The European Securities and Markets Authority (ESMA) has assessed six non-EU jurisdictions to render an opinion on an extension of the AIFMD passport. The hedge fund industry is understandably anxious about any impediments to the integration of U.S. operations in particular with those of Europe, and the US was one of the jurisdictions to be assessed, along with: Guernsey, Hong Kong, Jersey, Singapore, and Switzerland.
The bottom line for the U.S.: passport status remains in abeyance, and the reasons for that abeyance are shrouded in the fog of bureaucrat-speak. In order to understand, let’s take this a step at a time.
The “No Obstacles” Test
The pertinent test, according to article 67(4) of the AIFMD, is whether ESMA considers that there are no significant obstacles regarding investor protection, market disruption, competition and the monitoring of systemic risk, impeding the application of the passport to the marketing of non-EU AIFs by EU AIFMs in the member states, and/or marketing of AIFs by non-EU AIFMs in the member states. In the absence of such obstacles the non-EU jurisdictions under review should get the go-ahead for passport status.
ESMA has concluded, accordingly, that: “[N]o obstacles exist to the extension of the passport to Guernsey and Jersey, while Switzerland will remove any remaining obstacle with the enactment of pending legislation.” It says “no definitive view has been reached on the other three jurisdictions due to concerns related to competition, regulatory issues and a lack of sufficient evidence to properly assess the relevant criteria.”
AIMA Says: Keep Moving Forward
The Alternative Investment Management Association Friday expressed satisfaction with progress with regard to the positively assessed three jurisdictions, and urged more work along the same lines. Jack Inglis, the CEO of AIMA, said in a statement, “The passport is just one of a set of marketing options for hedge fund management firms. We look forward to engaging further with ESMA on the continuation of the national private placement regimes which we feel should be allowed to run alongside passports indefinitely.” Such private placement regimes, he added, “are extremely useful in making it possible for European pension funds and other European investors to access non-EU funds managed by some non-EU firms.”
AIMA has urged ESMA to complete the as-yet incomplete assessments, especially in the matter of the United States. This brings us back to where we began.
On the subject of the US in particular, ESMA has expressed the view that the rules concerning funds are comparable to the rules in the EU (which is presumably a good thing). ESMA has in mind here “diversification, disclosure requirements, limitation in ability to borrow money” and so forth.
There is a difference as to valuation, in that U.S. funds may value assets in accordance with US GAAP rather than in accordance with IFRS, but ESMA doesn’t see this as a wide divergence.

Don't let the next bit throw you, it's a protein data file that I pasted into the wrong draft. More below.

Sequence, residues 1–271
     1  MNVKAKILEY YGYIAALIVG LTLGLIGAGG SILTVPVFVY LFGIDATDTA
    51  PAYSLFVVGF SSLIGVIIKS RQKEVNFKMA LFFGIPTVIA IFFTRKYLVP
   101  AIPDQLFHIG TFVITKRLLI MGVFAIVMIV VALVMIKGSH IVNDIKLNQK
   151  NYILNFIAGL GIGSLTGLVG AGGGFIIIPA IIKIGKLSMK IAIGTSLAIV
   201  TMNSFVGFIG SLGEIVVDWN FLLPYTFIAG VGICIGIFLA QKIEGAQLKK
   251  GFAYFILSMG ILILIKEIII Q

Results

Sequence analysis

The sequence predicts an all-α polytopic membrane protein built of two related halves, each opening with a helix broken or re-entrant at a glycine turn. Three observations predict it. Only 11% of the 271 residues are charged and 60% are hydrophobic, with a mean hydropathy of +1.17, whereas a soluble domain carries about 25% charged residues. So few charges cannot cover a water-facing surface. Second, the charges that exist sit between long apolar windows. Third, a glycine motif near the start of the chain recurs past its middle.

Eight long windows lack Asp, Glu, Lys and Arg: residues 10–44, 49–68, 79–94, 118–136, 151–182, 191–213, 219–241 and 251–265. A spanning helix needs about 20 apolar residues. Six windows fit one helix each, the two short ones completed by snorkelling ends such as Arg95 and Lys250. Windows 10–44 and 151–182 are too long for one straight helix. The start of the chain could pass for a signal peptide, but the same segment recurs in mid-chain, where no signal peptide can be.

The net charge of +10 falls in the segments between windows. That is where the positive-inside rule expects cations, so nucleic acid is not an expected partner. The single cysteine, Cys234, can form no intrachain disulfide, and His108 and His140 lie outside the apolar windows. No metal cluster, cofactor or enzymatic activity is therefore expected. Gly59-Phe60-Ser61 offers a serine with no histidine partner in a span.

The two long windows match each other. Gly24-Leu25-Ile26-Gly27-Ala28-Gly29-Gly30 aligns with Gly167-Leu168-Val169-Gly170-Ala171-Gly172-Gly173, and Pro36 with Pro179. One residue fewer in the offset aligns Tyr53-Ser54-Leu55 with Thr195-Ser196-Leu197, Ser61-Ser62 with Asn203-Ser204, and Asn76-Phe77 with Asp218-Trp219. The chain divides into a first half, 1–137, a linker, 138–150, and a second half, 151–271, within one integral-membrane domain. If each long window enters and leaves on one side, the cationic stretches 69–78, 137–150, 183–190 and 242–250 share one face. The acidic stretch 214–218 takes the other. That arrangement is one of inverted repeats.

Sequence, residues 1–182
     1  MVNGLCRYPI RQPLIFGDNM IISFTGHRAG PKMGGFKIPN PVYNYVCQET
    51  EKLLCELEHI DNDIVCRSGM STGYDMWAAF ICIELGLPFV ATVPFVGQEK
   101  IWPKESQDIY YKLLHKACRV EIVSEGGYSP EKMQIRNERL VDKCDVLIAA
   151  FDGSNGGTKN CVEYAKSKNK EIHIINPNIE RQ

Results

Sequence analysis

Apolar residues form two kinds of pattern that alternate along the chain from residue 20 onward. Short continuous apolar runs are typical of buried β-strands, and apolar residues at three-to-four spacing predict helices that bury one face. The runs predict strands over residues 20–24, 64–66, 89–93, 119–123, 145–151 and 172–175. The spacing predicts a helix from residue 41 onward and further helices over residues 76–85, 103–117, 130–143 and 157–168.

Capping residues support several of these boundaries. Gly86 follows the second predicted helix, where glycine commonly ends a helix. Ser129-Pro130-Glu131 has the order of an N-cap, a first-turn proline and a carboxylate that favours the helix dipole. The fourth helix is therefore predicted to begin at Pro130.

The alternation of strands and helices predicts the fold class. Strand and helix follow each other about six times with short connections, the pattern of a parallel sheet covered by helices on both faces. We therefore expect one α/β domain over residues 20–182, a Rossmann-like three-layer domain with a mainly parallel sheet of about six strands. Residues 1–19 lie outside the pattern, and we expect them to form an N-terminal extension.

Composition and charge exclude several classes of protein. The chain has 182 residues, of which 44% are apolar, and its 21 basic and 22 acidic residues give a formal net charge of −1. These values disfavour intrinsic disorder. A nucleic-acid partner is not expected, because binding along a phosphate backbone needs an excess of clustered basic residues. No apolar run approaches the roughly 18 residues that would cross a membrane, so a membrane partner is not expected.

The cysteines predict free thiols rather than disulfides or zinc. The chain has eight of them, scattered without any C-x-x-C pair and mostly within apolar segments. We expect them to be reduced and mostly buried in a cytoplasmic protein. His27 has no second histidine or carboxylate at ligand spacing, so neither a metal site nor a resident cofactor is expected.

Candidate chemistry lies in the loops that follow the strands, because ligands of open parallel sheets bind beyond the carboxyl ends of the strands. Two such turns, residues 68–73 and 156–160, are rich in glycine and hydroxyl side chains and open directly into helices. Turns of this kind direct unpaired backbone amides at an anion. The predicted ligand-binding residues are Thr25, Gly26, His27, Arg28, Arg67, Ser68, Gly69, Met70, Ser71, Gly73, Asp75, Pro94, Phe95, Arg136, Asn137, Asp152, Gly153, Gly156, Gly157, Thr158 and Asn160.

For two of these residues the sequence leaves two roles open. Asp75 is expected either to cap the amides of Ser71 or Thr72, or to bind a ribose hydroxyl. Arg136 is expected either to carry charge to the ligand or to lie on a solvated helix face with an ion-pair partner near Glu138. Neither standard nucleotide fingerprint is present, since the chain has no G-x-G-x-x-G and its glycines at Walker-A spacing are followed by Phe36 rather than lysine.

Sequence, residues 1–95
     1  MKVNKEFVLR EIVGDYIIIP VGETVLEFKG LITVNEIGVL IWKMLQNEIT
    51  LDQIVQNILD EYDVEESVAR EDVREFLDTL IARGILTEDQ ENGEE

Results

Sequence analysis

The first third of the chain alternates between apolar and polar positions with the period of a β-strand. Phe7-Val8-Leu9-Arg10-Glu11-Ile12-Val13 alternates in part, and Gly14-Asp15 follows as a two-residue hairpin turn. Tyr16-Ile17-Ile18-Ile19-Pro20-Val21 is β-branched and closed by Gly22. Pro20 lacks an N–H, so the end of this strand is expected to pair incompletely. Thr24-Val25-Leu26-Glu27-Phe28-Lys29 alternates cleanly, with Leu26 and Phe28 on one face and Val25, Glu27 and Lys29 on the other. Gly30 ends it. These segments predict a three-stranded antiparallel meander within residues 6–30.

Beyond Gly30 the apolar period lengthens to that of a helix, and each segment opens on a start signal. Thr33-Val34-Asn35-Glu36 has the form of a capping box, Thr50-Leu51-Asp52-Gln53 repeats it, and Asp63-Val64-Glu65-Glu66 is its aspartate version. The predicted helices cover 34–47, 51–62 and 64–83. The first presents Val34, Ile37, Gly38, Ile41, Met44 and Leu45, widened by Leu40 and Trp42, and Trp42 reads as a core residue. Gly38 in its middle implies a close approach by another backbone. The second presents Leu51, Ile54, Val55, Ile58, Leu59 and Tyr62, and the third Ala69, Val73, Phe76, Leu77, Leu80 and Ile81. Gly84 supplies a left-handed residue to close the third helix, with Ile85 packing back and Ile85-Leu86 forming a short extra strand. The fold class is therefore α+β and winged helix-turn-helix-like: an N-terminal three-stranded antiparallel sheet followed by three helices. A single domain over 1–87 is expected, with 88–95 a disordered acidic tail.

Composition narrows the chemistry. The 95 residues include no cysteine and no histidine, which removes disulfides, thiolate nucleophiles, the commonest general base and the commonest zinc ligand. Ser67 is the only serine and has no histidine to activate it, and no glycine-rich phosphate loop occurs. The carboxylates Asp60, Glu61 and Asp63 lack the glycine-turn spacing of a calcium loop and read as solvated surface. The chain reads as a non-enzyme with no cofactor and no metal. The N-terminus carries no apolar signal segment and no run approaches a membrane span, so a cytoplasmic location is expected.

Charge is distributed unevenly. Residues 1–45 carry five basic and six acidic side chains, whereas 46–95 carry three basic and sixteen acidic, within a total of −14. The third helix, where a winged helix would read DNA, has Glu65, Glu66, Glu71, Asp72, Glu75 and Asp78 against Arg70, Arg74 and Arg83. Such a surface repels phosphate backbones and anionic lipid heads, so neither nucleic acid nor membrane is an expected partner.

A difference that is potentially more important — and not a good thing — involves the role of the custodian. ESMA observes with a cluck of the tongue that in the United States “under certain circumstances … the fund can act as its own custodian.” That can’t happen, though, for AIFMs and AIFs “that intend to use the EU passport.”
ESMA’s Advice also makes reference to principle 24 of IOSCO. I’ll quote the principle here: “The regulatory system should set standards for the eligibility, governance, organization and operational conduct of those who wish to market or operate a collective investment scheme.”
The Good and the Bad
What ESMA was trying to say about principle 24 in the context of the United States seems a bit ambiguous. We’re told on the one hand that “the current framework broadly achieves the objectives of the principle,” but on the other hand that the authorities in the U.S. might want to “add an explicit rule so as to comply with IOSCO Principles and ensure their expectations in this area are well understood by the market.”
On the third hand: a footnote to that discussion says that a more “detailed assessment” of this point may be found in a recent (April 2015) IMF report, and links thereto.
The IMF report also gives an on-the-one-hand but on-the-the-hand assessment of the U.S. regulatory scheme, including how it measures up to principle 24. So this is fractal ambivalence. On the one hand, mutual fund boards in the U.S. “have the responsibility of selecting and overseeing the IAs and in practice exercise this role in a proactive manner both at the moment of the initial selection and on an on-going basis through reporting and meetings.” Gee, that sounds good. Yet on the other hand, the coverage of the SEC’s monitoring “is limited despite the importance of the sector.” That sounds bad.
Where does this leave us? The road to passport status for the U.S. may yet be rocky, and ESMA is as yet disinclined to offer a clear map.